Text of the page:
Standing On The Shoulders Of They Might Be Giants
One minute, they’re one hundred feet high and made of light. Then, just as quickly, there they were, standing just a few feet away: life-sized, all flesh, blood, and spectacles. They Might Be Giants. Right there in the East Village, just four subway stops (two local, two express) from my Hell’s Kitchen apartment. Reason number four hundred and seventy-two why I Love New York. And reason number one why I Love They Might Be Giants.
The event, of course, was the opening weekend of AJ Schnack’s documentary ‘Gigantic: A Tale of Two Johns’ — a TMBG film with a Pixies’ title (love that).
Forget ‘Star Wars’ or ‘The Matrix’: bomb the queue in front of Cinema Village on East 12th and University last night, and the IQ if the East Village would drop by 25%. ‘Star Trek’ conventions would go empty. NPR would go off the air for lack of funds. Which is what’s so great about the band: you can dance to ’em, and they’re wicked smart.
The Johns (Flansburgh and Linnell) were on hand for Q&A after the two hour love letter to one of alternative rocks’ move loveable and normal duos. Normal, that is, in context with the cultural glitterati I know and love: Mike McKeon and Harry Shearer, Frank Black, Syd Straw, Sarah Vowell, Ira Glass, McSweeney’s Dave Eggers. If ever a film was of my people, this was it. (Throw in Michael Chabon, Nick Hornsby, Michael Stipe, Spike Jonze, David O. Russell, Aimee Mann, Michael Penn and Wes Anderson and I’m a pig in shit.)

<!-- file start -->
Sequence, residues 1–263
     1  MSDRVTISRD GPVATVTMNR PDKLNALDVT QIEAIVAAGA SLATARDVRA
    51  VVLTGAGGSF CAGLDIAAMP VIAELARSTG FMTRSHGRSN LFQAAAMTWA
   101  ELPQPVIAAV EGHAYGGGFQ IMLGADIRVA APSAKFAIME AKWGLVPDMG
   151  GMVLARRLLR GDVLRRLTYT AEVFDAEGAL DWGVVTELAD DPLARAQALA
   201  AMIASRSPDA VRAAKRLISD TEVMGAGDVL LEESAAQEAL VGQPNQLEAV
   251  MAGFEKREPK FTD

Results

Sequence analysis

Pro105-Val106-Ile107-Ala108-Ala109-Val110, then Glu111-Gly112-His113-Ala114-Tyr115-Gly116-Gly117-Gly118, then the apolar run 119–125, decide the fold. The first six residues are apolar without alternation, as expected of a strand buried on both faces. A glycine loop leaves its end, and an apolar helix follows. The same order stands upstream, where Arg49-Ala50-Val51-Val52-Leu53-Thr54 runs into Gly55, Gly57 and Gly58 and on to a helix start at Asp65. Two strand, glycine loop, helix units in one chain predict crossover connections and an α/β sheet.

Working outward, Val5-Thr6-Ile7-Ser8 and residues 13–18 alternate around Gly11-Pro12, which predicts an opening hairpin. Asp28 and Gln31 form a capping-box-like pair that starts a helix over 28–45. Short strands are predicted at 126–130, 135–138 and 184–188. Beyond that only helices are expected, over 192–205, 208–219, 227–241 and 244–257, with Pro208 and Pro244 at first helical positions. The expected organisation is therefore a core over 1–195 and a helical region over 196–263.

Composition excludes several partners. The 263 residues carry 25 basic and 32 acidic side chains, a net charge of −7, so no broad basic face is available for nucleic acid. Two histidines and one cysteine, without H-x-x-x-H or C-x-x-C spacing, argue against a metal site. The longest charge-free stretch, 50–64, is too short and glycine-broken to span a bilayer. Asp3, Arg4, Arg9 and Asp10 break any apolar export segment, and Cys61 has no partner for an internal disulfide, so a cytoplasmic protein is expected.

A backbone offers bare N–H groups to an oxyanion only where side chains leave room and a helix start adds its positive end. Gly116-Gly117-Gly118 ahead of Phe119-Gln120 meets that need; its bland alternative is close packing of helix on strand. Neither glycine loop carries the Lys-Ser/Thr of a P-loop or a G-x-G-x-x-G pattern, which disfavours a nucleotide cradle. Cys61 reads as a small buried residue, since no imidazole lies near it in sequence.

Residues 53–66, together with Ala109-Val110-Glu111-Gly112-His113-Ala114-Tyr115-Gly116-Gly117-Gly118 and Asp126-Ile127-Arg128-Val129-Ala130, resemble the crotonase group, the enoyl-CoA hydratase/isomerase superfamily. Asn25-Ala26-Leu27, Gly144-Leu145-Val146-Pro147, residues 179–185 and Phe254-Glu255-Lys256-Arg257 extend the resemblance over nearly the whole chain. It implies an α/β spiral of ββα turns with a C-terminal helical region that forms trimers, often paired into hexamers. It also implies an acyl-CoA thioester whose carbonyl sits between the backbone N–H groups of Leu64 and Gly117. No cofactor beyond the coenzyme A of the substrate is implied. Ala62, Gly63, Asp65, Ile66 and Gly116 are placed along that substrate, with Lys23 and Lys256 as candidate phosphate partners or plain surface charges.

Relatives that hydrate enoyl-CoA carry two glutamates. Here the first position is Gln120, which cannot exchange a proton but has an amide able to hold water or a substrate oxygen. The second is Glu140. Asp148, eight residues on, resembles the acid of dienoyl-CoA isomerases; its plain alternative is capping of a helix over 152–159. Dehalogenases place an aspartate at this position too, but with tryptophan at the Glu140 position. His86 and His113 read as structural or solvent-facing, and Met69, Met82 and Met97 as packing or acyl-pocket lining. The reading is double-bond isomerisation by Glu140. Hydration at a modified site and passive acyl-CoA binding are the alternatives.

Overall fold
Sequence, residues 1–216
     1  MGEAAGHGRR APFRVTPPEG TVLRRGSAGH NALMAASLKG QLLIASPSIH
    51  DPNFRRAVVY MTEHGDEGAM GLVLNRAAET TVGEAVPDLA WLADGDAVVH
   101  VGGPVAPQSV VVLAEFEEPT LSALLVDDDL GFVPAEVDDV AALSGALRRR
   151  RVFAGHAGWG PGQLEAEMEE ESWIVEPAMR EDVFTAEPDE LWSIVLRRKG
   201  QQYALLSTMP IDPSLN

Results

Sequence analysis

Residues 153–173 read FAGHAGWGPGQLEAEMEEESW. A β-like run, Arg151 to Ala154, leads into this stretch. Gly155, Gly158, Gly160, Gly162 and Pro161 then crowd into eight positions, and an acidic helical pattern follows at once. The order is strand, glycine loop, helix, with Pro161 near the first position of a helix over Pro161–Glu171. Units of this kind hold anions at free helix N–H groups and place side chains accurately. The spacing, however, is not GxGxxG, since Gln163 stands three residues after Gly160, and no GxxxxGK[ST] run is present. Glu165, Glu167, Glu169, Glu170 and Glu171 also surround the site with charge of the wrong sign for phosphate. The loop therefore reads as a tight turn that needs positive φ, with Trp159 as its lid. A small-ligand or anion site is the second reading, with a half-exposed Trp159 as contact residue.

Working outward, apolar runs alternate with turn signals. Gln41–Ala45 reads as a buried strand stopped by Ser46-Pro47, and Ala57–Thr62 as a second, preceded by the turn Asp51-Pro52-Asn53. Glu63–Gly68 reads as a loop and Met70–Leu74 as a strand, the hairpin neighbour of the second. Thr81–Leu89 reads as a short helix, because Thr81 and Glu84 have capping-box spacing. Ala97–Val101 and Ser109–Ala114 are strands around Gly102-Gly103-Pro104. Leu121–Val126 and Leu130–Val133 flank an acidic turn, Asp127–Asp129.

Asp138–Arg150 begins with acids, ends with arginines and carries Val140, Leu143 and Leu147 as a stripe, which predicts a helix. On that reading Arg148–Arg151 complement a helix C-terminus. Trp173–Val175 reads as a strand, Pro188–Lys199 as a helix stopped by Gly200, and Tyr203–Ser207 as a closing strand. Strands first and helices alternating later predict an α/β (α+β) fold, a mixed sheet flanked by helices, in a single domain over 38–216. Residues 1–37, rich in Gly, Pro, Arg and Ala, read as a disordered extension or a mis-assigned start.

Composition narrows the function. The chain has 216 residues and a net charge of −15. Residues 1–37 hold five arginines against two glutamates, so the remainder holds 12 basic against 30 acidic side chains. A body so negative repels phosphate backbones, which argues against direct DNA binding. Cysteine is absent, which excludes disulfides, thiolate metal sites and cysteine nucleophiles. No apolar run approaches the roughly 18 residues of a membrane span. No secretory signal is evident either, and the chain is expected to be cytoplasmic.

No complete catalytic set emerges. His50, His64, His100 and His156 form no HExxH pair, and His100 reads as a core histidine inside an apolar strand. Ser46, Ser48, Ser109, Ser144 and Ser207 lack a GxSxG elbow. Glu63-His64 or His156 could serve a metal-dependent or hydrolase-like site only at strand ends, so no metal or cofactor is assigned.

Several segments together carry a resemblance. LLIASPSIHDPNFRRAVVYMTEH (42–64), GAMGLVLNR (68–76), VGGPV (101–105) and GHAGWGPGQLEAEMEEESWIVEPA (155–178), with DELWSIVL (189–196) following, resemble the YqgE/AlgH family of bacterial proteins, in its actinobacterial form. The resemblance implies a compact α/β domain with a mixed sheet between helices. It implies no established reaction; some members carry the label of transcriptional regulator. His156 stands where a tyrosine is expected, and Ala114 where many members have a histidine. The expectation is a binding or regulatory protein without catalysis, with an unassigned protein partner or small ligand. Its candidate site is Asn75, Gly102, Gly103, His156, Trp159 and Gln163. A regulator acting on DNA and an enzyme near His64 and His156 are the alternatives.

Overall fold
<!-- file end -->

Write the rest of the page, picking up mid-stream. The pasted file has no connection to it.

And what a hoot! It was a reminder of just how foundational the band has been for DIY/CMJ rock, and for me personally: ‘Ana Ng,’ like ‘So. Central Rain,’ changed the way I heard music (both were introduced to me by my older brother, who joined me tonight at the screening). Over the years I have definately covered my fair shake of TMBG tunes: ‘Don’t Let’s Start’ was the first song Smokey Junglefrog (my college band) ever performed live. ‘Kiss Me, Son of God’ was one of our strangest. In 1994, Flansburgh was one of my first big interviews for The Saratogian (see “They Migh Be Giants: Dr. Seuss Meets Dr. Stephen J. Hawkins”). He was a peach. He was a sweety. He was game.
In tonights Q&A, both were game. On downloading music: “I don’t think a college kid wants to pay $.99 for anything” (Flansburgh). On whether or not they’d make music if they had no audience, “Yes, it would just be … quieter” (Linnell). On whether touring is more difficult as a parent, “Can I give you a one word answer for that? That word is ‘Uh'” (Linnell).
And so, tonight, I found myself moved. Inspired. Standing on the shoulders of giants — it left me warm.